You are not logged in.

#1 2023-01-18 22:25:13

amca01
Member
Registered: 2008-12-28
Posts: 57

Nearly 70000 "lost files" ... how to manage?

I don't consider myself a newbie; I've been using Arch happily for years, and Linux itself for years before that (way back to kernel 0.99).  But I am very lazy, and of the "if it ain't broke, don't fix it" school.  Anyway, every time I perform a system upgrade (which is far less often than I should), I run into the old "<file> exists in filesystem" error, which I usually manage by deleting them.   (In this case almost all the errors are from files in the "/usr/lib/node_modules/npm/node_modules"  directory.)

But this time I ran both the "lostfiles" script, and the "pacreport --unowned-files" command, in each case sending the output to a file, which I could examine at my leisure.  Lostfiles returned 67597 files, and pacreport returned 3912 files. 

In my hunting around forums and other postings, I find some people maintaining that a "<file> exists in filesystem" error is the result of an improperly maintained system.  Other people maintain that most things should go in $HOME.  I myself like to keep $HOME for personal files, and have apps installed globally.

I can fix all the individual errors myself, but I'm also curious.  Over the years I've accumulated all sorts of apps and files; some installed using pacman, some from the AUR, some by hand.  What, then, is a good strategy for maintaining a clean system, but allowing such flexibility? 

cheers,
Al

Offline

#2 2023-01-19 02:08:52

mpan
Member
Registered: 2012-08-01
Posts: 1,242
Website

Re: Nearly 70000 "lost files" ... how to manage?

This means you are using more than one program to manage your system and they will be in conflict. Except for package managers, which install exclusively to “/usr/local”, there is no way to prevent that kind of issues.⁽¹⁾ There are a few package-owned directories, which are meant to contain dynamic data, but those are specific exceptions.

In your particular case, looking at the name of the directory, you likely allow npm to control your system in parallel with pacman.

Simply use pacman only for global installation (other than “/usr/local”), and other package managers to install for your user only: npm, pip, cpan.

If you need to install a piece of software globally, make it into a pacman package: guides.
____
⁽¹⁾ Note that installing to “/usr/local” will only prevent conflicts with pacman-managed packages from official repos. It will not help with conflicts between other managers or breakage from incompatibilities.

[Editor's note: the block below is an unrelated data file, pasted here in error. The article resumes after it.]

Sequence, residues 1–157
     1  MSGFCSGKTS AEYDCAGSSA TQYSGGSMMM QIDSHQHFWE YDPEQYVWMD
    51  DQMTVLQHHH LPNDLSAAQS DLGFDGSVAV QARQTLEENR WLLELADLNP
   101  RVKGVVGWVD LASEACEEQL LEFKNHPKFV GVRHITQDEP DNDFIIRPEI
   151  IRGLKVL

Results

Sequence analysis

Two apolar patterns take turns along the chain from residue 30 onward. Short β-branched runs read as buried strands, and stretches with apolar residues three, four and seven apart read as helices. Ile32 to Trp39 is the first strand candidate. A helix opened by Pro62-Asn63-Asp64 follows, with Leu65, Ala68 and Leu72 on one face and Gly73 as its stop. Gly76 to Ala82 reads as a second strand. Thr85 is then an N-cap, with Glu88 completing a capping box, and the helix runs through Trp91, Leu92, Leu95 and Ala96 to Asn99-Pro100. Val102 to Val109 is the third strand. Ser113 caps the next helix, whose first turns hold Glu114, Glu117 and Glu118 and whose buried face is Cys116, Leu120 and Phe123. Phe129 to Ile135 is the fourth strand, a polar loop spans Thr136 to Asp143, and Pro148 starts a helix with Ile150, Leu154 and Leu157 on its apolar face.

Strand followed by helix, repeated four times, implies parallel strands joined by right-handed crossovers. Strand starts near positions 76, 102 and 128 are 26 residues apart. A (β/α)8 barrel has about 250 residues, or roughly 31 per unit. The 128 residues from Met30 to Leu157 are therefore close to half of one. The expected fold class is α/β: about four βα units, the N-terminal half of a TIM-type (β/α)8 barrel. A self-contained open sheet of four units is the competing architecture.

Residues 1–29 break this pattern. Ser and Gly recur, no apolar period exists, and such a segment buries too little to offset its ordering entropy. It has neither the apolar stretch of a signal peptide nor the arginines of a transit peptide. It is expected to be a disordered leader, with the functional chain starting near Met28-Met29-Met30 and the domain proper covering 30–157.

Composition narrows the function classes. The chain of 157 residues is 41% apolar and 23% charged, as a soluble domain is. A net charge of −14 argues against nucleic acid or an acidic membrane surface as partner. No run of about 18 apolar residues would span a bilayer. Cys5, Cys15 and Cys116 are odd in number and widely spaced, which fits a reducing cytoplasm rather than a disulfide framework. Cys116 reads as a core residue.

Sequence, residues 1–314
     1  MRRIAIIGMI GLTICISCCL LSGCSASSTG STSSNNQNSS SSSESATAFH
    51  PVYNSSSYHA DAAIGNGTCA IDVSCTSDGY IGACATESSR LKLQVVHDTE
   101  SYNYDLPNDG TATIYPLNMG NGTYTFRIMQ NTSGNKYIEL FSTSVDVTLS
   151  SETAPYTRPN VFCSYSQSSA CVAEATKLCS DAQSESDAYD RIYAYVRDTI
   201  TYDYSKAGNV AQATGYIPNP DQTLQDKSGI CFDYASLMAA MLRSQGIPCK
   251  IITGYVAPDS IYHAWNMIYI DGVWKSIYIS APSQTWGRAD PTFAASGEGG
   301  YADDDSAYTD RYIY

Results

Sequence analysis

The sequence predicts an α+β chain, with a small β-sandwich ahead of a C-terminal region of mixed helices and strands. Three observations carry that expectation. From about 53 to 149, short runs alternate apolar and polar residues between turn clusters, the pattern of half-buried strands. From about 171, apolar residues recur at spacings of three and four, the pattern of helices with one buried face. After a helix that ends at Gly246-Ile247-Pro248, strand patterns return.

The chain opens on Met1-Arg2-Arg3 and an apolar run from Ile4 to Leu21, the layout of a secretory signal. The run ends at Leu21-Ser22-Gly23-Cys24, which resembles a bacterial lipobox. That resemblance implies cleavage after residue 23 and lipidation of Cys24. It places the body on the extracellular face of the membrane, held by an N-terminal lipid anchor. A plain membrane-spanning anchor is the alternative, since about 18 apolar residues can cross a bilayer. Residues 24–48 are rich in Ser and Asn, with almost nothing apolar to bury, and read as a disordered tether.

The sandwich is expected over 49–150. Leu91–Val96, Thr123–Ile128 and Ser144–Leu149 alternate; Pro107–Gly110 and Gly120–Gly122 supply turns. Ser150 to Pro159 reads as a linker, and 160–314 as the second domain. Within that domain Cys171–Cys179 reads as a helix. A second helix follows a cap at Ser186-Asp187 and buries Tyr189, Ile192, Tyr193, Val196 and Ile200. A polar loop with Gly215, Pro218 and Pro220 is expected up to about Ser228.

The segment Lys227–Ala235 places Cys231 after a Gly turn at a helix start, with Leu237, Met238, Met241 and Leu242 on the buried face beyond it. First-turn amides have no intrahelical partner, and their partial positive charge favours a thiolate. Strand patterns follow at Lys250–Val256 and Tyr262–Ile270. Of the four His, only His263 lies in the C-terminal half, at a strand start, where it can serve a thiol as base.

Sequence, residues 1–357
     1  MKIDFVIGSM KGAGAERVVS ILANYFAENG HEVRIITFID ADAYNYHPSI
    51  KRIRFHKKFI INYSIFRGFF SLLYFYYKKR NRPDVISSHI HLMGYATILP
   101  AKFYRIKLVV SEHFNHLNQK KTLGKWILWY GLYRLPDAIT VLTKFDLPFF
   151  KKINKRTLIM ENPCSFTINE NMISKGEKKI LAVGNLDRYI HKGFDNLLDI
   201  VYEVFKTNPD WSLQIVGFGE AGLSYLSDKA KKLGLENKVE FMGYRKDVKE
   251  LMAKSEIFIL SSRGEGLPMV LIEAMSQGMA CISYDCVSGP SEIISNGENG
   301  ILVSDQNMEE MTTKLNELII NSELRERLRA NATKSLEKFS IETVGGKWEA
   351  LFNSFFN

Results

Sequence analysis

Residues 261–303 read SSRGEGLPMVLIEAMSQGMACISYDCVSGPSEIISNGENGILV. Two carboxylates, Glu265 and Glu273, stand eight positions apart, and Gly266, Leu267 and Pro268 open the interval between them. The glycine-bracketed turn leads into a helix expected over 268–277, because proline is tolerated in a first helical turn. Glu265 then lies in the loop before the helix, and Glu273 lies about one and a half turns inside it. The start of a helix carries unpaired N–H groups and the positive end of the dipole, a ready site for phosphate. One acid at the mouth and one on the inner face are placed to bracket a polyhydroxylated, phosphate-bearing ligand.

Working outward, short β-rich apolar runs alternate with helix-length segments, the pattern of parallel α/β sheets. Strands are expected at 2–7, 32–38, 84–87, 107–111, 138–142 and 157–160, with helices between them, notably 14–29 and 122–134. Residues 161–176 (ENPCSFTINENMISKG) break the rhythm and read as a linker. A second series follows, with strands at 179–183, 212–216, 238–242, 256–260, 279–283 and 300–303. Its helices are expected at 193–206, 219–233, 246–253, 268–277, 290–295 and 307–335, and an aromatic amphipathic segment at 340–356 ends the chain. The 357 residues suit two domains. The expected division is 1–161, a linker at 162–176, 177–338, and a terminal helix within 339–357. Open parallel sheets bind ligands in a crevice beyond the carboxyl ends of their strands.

Sometimes I seem a bit harsh — don’t get offended too easily!

Offline

#3 2023-01-19 04:16:20

amca01
Member
Registered: 2008-12-28
Posts: 57

Re: Nearly 70000 "lost files" ... how to manage?

Thank you, mpan - that seems like very good advice.  I have had the bad habit of installing everything globally - this is ingrained from the time when I used to have a small /home/ partition on my disk, which I needed to be careful not to overfill.  (On my current Arch machine I have a 100G partition for /, currently 62% filled, and 120G for /home, which is 74% filled.  I backup to a remote server, and also to local hard drives.)

But I do collect things from all over: pacman, AUR, specialized packages for systems like TeX or Python ...

Thanks again,
Al

Offline

#4 2023-01-19 09:19:29

Lone_Wolf
Forum Moderator
From: Netherlands, Europe
Registered: 2005-10-04
Posts: 12,348

Re: Nearly 70000 "lost files" ... how to manage?

AUR packages should not be a problem in this regard, as they are managed by pacman.

I agree with mpan, especially "If you need to install a piece of software globally, make it into a pacman package" .


Disliking systemd intensely, but not satisfied with alternatives so focusing on taming systemd.

clean chroot building to complicated ?
Try clean chroot manager by graysky

Offline

#5 2023-01-19 11:19:11

mpan
Member
Registered: 2012-08-01
Posts: 1,242
Website

Re: Nearly 70000 "lost files" ... how to manage?

What takes 62G on your “/”? It is entirely possible to have that much, but perhaps there is some garbage there. For example old pacman cache, which grows quickly and many users are unaware. See paccache from community/pacman-contrib for cleaning it in a sane manner:

sudo paccache -rk3 # Removes cached files, except 3 last versions
sudo paccache -ruk0 # Removes all cached files for packages not installed

Also determine what uses disk space with ncdu (community/ncdu):

sudo ncdu -r /

Will take some time to collect data; -r for read-only to protect against accidental deletions from ncdu’s interface itself.


Sometimes I seem a bit harsh — don’t get offended too easily!

Offline

#6 2023-01-19 13:00:34

amca01
Member
Registered: 2008-12-28
Posts: 57

Re: Nearly 70000 "lost files" ... how to manage?

Good question, mpan, and although I've used ncdu on my home directory, I've never done it on "/".  I needed to include the "-x" switch as well.  Anyway, some big space users are:

/usr/lib/ghc-9.0.2 (2.0Gb),
/usr/lib/python-3.10 (1.6Gb)
/usr/share/texmf-dist (2.9Gb)
/usr/share/doc (2.9Gb)
/var/cache/pacman (11.3Gb)


As to paccache, I used that not so long ago, so there's not a lot of old packages lying about.

Offline

Board footer

Powered by FluxBB